Zeitgeist and Glamour, Photography of the 60’s and 70’s, by Petra Giloy-Hirtz, Ira Stehmann, Nicola Erni, Prestel 2011.
book report by Alyssa Garrison
photography by Brittany Lucas

Crushing on Inez Genereux

When Inez Genereux entered WORN’s Black Cat Ball last year, all the Wornettes could do was stare. Inez (or Nezzie as her friends call her) has a cloud of swoon-worthy qualities that float around her like the scent of a just-strong-enough perfume. From her bleached Bettie Page bangs to her fearless footwear choices, Inez has the aura of a magical creature, and the energy of a five-year-old at a birthday party. An artist, Magic Pony super-employee, and generally awesome creative person, Inez talks to WORN about kitties, children’s hair accessories, and lemon meringue pie.

Side note: we’re also crushing on Inez’s boyfriend Landon, one of the models from Unbinding Binaries in Issue 13.

How would you describe your style in one word?
Ummm, can I say unicorn? Even though it’s not an adjective?

What’s the last thing you bought for yourself?
Probably my shoes? They’re little party shoes that have silk-screened bursts of colour. Imagine the party hats you had when you were eight years old, and they have weird squares and circles and squiggles with different primary colours that look like shouting marks on them.

What can you not stop wearing right now?
My new tote bag that I got at the Hunx & His Punx concert. It’s like two pages from a comic that he did silkscreened onto each side of the bag, where it’s these really crudely drawn images of “Call 1-800-HOT-SEX, meet local babes,” or “Teen struck by fatal acne cream accident.” with all these spreads and cutouts from teen magazines, but it’s all really vulgar? It’s really, really good, and it was five bucks.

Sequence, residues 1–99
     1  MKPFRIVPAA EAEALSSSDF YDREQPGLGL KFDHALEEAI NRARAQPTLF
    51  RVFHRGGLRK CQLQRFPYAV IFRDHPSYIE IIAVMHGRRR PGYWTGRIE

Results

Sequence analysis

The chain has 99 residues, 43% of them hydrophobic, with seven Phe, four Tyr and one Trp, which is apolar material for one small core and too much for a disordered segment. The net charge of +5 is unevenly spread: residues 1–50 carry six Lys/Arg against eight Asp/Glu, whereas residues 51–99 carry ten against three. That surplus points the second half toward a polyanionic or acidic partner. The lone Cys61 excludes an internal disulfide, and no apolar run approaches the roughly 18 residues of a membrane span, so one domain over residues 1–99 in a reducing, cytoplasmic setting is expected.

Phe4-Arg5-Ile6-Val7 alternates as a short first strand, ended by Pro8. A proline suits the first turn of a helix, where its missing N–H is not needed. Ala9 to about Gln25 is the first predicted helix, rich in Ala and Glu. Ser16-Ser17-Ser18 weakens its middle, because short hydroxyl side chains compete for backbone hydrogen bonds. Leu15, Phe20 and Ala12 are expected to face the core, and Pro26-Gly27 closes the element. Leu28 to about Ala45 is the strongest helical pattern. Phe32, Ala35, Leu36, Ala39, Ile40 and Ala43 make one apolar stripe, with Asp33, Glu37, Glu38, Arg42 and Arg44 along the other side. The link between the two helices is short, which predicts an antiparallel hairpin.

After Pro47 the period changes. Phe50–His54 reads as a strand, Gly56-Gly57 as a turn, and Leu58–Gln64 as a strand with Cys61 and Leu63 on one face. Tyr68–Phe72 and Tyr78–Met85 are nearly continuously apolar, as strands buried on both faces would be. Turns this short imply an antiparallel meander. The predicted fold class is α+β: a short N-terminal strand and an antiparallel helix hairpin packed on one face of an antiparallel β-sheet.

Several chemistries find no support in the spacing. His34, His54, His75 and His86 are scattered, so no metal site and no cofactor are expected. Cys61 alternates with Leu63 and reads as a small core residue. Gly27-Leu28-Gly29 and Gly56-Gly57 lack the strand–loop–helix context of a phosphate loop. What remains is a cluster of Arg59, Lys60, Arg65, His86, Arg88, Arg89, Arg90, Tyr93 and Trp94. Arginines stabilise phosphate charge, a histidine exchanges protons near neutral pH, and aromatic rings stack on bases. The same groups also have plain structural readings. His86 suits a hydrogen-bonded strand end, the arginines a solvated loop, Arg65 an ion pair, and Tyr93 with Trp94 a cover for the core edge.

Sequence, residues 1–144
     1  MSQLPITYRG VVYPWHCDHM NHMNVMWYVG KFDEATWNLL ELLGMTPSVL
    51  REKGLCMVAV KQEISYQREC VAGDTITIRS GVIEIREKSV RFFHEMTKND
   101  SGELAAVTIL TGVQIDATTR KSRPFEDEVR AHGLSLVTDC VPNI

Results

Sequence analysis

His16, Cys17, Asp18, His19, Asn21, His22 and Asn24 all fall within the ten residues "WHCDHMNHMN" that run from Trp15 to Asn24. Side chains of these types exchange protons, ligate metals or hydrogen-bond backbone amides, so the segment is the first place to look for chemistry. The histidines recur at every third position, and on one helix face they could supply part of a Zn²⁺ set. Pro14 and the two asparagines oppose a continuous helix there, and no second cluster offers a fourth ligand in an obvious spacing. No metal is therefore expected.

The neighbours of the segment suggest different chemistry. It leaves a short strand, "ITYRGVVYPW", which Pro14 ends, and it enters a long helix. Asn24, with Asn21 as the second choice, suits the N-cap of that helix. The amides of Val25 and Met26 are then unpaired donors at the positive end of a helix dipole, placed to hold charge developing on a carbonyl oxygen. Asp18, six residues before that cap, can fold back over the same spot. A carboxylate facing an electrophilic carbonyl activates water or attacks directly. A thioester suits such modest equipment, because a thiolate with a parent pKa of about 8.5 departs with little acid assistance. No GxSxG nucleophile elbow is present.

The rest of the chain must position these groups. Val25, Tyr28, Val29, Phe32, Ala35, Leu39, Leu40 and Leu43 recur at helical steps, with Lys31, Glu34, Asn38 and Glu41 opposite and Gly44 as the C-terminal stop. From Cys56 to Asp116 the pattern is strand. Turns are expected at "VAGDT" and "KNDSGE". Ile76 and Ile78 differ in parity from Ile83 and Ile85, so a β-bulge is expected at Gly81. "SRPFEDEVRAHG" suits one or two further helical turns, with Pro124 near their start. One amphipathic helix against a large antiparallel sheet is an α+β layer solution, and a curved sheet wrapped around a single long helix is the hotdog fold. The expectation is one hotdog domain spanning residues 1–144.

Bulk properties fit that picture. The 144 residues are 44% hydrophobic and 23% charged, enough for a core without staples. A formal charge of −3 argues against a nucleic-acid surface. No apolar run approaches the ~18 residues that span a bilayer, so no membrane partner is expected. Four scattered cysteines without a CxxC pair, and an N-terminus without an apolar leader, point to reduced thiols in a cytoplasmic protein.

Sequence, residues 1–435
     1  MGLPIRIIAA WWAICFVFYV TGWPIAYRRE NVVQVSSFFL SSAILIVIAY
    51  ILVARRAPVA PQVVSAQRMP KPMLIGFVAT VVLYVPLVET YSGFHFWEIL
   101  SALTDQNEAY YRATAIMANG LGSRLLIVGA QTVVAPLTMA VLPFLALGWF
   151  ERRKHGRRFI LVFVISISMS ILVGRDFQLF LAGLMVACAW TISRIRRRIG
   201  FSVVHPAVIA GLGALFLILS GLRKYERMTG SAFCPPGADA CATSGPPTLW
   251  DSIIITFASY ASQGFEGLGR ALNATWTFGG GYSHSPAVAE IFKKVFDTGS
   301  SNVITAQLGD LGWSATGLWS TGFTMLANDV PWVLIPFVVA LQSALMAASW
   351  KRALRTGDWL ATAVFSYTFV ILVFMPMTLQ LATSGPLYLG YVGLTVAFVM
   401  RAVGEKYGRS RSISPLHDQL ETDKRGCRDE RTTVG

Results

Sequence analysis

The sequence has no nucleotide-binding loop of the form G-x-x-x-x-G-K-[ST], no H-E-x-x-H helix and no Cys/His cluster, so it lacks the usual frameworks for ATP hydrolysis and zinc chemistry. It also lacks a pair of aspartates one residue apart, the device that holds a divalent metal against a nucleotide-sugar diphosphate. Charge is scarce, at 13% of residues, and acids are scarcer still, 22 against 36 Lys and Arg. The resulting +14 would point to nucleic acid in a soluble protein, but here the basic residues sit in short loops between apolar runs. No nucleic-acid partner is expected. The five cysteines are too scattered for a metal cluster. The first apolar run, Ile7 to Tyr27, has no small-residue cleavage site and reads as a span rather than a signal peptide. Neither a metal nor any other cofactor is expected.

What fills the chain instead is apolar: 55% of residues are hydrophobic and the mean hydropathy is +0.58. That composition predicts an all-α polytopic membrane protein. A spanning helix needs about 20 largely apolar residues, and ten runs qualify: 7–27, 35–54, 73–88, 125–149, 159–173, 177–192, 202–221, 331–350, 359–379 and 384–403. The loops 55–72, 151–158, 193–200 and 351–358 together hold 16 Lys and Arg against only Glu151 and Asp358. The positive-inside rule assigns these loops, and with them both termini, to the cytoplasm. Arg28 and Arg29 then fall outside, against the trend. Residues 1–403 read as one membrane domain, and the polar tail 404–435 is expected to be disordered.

What’s that in your hair?
Oh, it’s something from the children’s section at H&M. There’s a little pink bow back there, you can’t see it, and then this one’s a little plush heart.
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Worn to WORN: Alyssa is Catwoman

What inspired this outfit?
Honestly? I would have to say it’s a tie… between my two very fashionable cats (seriously: one sports a bowtie and the other is named Coco Chanel). My shifts at WORN present rare opportunities to play with my favorite dressing concept: themes. This very cat themed outfit seemed like just the thing to keep the giddy smile my cats give me in the morning on my face all day. I mean, how can I not smile when wearing this level of cat-ness?

Tell me about one of the items you’re wearing.
This sweater has quickly turned into one of those items I will create any excuse to wear. I’m cold? Cat sweater. Bored? Cat sweater. Need a hug? Cat sweater. Since the moment I saw it on Little Doodles, the blog of one of my favorite whimsical doodlers, I knew it had to be mine. I ordered it from Indonesia in the middle of the night while vacationing in NYC. It was sold out by morning. Since ripping it from its pristine yellow envelope, I have barely had the heart to peel it from my torso for a wash. My favorite detail is the fuzzy grandma-like embroidered words.

What’s the best book to read in this outfit?